FRANKLIN, MASS. >> The visitors walking up her family's driveway mystified Maya Wolf. Four wore blue jackets. One was in a lion mascot costume. Then, as it clicked, she reached to her mouth in surprise.
"Congratulations on your acceptance," said one of the men, who introduced himself as Grant Gosselin, the admissions dean for Wheaton College. He handed Wolf an oversize white envelope. "We've heard great things about you."
Instead of mailing an acceptance letter, Wheaton College had sent its president, admissions chief, the school mascot and others to surprise the 17-year-old Wolf on Tuesday. At the same time, nine other teams of employees from the Massachusetts school were scattered across New England delivering letters to a total of 75 students. After wiping away tears and catching her breath, Wolf thanked her visitors and beamed for a group photo.
Wheaton's blitz was remarkable in scope, but it joins a wave of colleges that have started to deliver small batches of acceptance letters in the style of a surprise television sweepstakes.
For the first time last year, the University of Maryland sent a bus of employees to surprise six students. A month later, the University at Albany in New York brought members of the marching band to one student's home, while the president of Rowan University in New Jersey visited five students. The California Institute of Technology made its first personal delivery this year.
In most cases, the unexpected visits ended up in flashy online videos produced by the schools.
"The message we're trying to send is that Wheaton is a place that's intensely personal," Gosselin said. "We certainly won't shy away from any exposure it brings, but the No. 1 goal is to help those students."
Experts say the idea is spreading as schools face tougher competition for students. By adding a personal touch, colleges hope to boost the share of students who pick them, known as the yield.
Some schools choose a random sample of students to visit, or limit it by geographic area. Others try to curry favor with top students who are also likely to get attention from competing institutions.
"If a hand-delivered acceptance letter gets a college a leg up on the chance of being able to enroll that student and capture the yield, they're going to do it," said Phillip Trout, president of the National Association for College Admission Counseling.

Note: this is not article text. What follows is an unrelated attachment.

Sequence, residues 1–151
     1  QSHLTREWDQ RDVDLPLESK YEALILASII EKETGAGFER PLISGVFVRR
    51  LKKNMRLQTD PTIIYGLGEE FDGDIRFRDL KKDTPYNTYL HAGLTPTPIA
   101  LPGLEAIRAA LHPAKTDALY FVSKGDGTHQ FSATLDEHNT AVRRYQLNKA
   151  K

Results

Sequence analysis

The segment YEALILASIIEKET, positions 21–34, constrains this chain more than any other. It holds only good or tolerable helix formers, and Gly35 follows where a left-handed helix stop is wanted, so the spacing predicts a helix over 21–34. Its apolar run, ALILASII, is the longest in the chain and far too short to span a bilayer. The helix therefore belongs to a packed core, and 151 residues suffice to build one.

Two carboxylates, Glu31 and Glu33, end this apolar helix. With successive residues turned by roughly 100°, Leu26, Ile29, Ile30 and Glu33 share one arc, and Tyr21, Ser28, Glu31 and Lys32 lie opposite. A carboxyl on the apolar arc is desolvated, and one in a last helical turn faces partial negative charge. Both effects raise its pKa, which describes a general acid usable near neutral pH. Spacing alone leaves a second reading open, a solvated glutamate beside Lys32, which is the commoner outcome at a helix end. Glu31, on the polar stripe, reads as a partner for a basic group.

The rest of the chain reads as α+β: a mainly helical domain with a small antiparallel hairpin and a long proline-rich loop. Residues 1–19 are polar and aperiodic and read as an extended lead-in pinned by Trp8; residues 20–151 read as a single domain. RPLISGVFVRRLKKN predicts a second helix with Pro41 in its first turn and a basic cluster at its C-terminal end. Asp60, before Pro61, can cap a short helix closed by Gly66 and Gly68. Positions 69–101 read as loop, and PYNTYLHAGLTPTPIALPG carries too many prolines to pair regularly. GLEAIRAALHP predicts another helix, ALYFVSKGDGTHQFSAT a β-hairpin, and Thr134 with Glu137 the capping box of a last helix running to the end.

The vast majority of letters are still dispatched by mail or email, but in the era of social media, even visits to one or two students can be shared with many more. Online videos capturing scenes of shocked and overjoyed students have attracted thousands of views.
"They're the most popular thing that we do in our social media effort," said Kirk Brennan, director of admission at the University of Southern California, which has made personal deliveries since 2012. "We've now made it a regular part of our social media strategy."
Amid the scramble to attract more students, other aspects of the admission process are changing, too. Even the standardized letter, once a simple finale to an anxious wait, has gotten a glitzy update at many colleges.
Iowa State University sends customized videos to accepted students, starring a news anchor who congratulates them in a mock TV broadcast. Others send boxes of merchandise, or mail out letters weeks earlier than in the past, hoping to reach the best students first.
Alongside the hard currency of scholarship money, some experts say, personal attention has become a soft currency that colleges wield to show they have big character, if not big coffers.
"Some schools are trying to lure students with extra money, which resonates, but I think sometimes students and families pick a school for the wrong reason," said Tim Lee, director of admissions for the University at Albany.
But not all schools are interested in making the admission process a grand production. Tulane University in Louisiana prides itself on a no-frills acceptance message.
"We're not all about the crazy bells and whistles," said Jeff Schiffman, interim director of admission at Tulane. "It becomes an arms race over which school can do the most over-the-top stuff."
"At the end of the day, just getting admitted to the institution is special," he said.
Schiffman also questions whether a hand-delivered letter can sway an applicant's decision, but some students insist it matters.
Before he got a surprise acceptance from USC last year, Nicolaus Jakowec was seriously considering several schools. But after getting the personal delivery at his Los Angeles high school, he quickly decided to enroll at USC.
"It definitely blew all the other schools out of the water," said Jakowec, 18, a freshman. "I almost felt compelled to go there once I got invited personally."
For Wolf, who applied to five other schools besides Wheaton, the surprise was a lighthearted moment to end a stressful wait. But she isn't ready to commit quite yet.
"I'm definitely very excited, but they're the first school I've gotten a letter back from," she said. "I still have a lot of decisions to make."